This post has been brewing in my mind for a couple of days, but I’m having a hard time finding the right words maybe because there just aren’t right words…
My aunt passed away suddenly and quite unexpectedly the other week. And I’ve noticed a couple of things. I’ve experienced the reality that tomorrow isn’t promised. In the days immediately following my aunt’s death my family (her daughters and husband) were posting different things on Facebook about grief, and about the reality that tomorrow isn’t promised.
And as cliche as it may sound or seem, it really is true. Aunt Pam didn’t have a cancer diagnosis or kidney failure or liver failure or known heart disease or any specific “you’re really sick” kinda ordeal where we had some level of warning that the end was near. And that is why the reality that tomorrow isn’t promised feels so real.
It’s inclined me to be less hesitant to reach out to my mom, to call her because I’m having a bad day. It’s inclined me to be more patient with the people I love, to truly lend that listening ear. It’s inclined me to recognize a need to forgive and to want to want to forgive (but I’m a wee bit stubborn and so forgiving is hard).
And I think it is no coincidence that I’ve been reflecting on these things in the days leading up to 9/11 and that most people who will read this will read it on 9/11. September 11, 2001 is a day that so few of us will forget. It’s a day that many innocent lives were lost all at once. But what we forget is that every day people die. (and national suicide prevention day)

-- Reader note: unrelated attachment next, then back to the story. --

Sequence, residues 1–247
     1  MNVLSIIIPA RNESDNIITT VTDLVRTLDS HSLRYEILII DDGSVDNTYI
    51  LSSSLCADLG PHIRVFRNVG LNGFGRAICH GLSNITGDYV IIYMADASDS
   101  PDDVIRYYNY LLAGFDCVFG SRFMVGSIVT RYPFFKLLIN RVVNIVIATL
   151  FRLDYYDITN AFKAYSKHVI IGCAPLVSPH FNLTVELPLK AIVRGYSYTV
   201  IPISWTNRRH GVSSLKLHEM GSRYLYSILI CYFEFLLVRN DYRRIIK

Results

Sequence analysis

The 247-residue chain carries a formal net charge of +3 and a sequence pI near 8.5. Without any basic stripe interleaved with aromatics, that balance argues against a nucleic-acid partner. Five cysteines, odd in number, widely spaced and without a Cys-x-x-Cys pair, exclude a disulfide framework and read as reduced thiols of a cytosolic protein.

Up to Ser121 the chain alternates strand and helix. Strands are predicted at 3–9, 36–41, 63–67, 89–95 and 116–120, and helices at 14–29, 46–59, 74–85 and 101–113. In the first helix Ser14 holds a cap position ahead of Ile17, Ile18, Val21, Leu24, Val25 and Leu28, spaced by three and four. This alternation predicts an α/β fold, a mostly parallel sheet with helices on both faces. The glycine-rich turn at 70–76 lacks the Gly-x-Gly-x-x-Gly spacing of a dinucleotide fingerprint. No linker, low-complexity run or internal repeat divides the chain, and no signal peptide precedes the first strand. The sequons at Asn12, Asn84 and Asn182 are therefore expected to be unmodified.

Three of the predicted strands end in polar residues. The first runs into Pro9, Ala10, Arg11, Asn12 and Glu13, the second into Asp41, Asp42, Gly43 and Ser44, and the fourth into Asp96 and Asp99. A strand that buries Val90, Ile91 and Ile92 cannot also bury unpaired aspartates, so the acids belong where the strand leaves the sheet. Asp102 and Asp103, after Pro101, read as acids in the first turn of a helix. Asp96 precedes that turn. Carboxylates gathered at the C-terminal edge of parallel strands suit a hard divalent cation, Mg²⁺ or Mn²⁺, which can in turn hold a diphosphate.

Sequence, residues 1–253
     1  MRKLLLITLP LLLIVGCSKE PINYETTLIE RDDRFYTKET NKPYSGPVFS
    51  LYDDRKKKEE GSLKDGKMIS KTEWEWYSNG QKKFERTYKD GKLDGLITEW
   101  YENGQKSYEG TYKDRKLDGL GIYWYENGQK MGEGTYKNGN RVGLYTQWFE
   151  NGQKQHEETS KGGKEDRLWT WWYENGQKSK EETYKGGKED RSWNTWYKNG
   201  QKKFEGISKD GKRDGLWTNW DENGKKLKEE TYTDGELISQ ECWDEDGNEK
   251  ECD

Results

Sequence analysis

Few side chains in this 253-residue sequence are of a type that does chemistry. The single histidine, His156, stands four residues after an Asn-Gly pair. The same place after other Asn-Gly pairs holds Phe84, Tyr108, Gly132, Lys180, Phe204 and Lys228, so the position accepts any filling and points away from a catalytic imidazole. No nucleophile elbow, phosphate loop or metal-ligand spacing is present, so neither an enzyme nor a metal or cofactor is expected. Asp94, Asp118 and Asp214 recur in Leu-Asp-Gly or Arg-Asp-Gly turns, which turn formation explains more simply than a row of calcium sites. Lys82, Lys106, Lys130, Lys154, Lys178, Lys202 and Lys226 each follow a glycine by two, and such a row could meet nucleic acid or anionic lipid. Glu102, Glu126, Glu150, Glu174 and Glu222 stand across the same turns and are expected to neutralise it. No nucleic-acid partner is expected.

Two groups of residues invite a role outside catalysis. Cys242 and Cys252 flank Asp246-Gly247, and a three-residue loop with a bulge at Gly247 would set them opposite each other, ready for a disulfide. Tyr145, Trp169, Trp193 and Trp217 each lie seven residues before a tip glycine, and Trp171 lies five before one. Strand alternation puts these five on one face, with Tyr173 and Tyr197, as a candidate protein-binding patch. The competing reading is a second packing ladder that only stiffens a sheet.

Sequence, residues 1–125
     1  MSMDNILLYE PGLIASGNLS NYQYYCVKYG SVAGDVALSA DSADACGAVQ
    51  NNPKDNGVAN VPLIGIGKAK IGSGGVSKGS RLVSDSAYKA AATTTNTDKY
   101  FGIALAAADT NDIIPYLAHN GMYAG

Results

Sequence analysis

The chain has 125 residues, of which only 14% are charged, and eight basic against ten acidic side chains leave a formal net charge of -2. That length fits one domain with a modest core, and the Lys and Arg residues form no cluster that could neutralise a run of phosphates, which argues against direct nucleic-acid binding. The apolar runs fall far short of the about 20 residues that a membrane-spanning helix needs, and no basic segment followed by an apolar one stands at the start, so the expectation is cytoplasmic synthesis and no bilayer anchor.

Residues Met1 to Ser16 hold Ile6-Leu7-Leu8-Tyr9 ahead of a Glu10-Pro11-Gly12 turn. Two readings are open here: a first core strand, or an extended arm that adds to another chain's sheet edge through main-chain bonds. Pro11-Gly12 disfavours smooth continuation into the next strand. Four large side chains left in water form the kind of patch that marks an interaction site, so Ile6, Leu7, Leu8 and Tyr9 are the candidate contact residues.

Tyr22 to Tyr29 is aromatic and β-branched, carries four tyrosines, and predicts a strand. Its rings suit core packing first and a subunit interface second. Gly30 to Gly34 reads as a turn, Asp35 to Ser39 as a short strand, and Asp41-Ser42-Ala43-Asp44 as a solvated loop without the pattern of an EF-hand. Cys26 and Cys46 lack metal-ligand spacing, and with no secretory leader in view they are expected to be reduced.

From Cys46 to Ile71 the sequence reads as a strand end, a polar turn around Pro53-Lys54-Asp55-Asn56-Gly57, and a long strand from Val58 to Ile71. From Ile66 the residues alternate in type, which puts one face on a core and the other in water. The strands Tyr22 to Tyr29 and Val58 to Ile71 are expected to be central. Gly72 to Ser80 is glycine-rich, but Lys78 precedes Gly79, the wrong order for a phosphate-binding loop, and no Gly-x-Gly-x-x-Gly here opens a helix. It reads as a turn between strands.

Soldiers die in war every day. Sick people die in the hospital every day. Loved ones of families die every day. But we forget about this if it doesn’t directly effect us. It’s so easy to get caught up in our own lives, in our own world, in our own emotions. It’s so easy for me to be mad and upset with my brother because of recent happenings, but the reality is, he could get in an accident tonight or tomorrow. Heck, that’s happened before. I’ve made a midnight trip to the hospital emergency room because he was in an accident and nobody knew why he was as okay as he was. And I would feel guilty for being so upset with him. Death seems to put things in life in perspective – what really matter? is this or that really worth being that upset over?
But the fact of the matter is, tomorrow isn’t promised and we should remember that. We should live our lives like that. We should treat our loved ones like that. I’m not saying it’s easy, by any means. And I fail to live this out every single day, but tomorrow isn’t promised, and we’ve only got today.
Today I encourage you.. I challenge you to give thanks. Give thanks for the gift of your life. Give thanks for the loved ones. If you’re upset with someone don’t let it sit and stew and get worse. Talk to them about it. Tell them what you’re experiencing. If you know you were in the wrong, or even had a hunch you were in the wrong, say something, reach out, apologize. And tell the people in your life that you love them. They need to hear that. We all need reminded that we are not alone. We all need reminded that we are wanted and loved. If we lived our lives this way, I think the world could be a better place.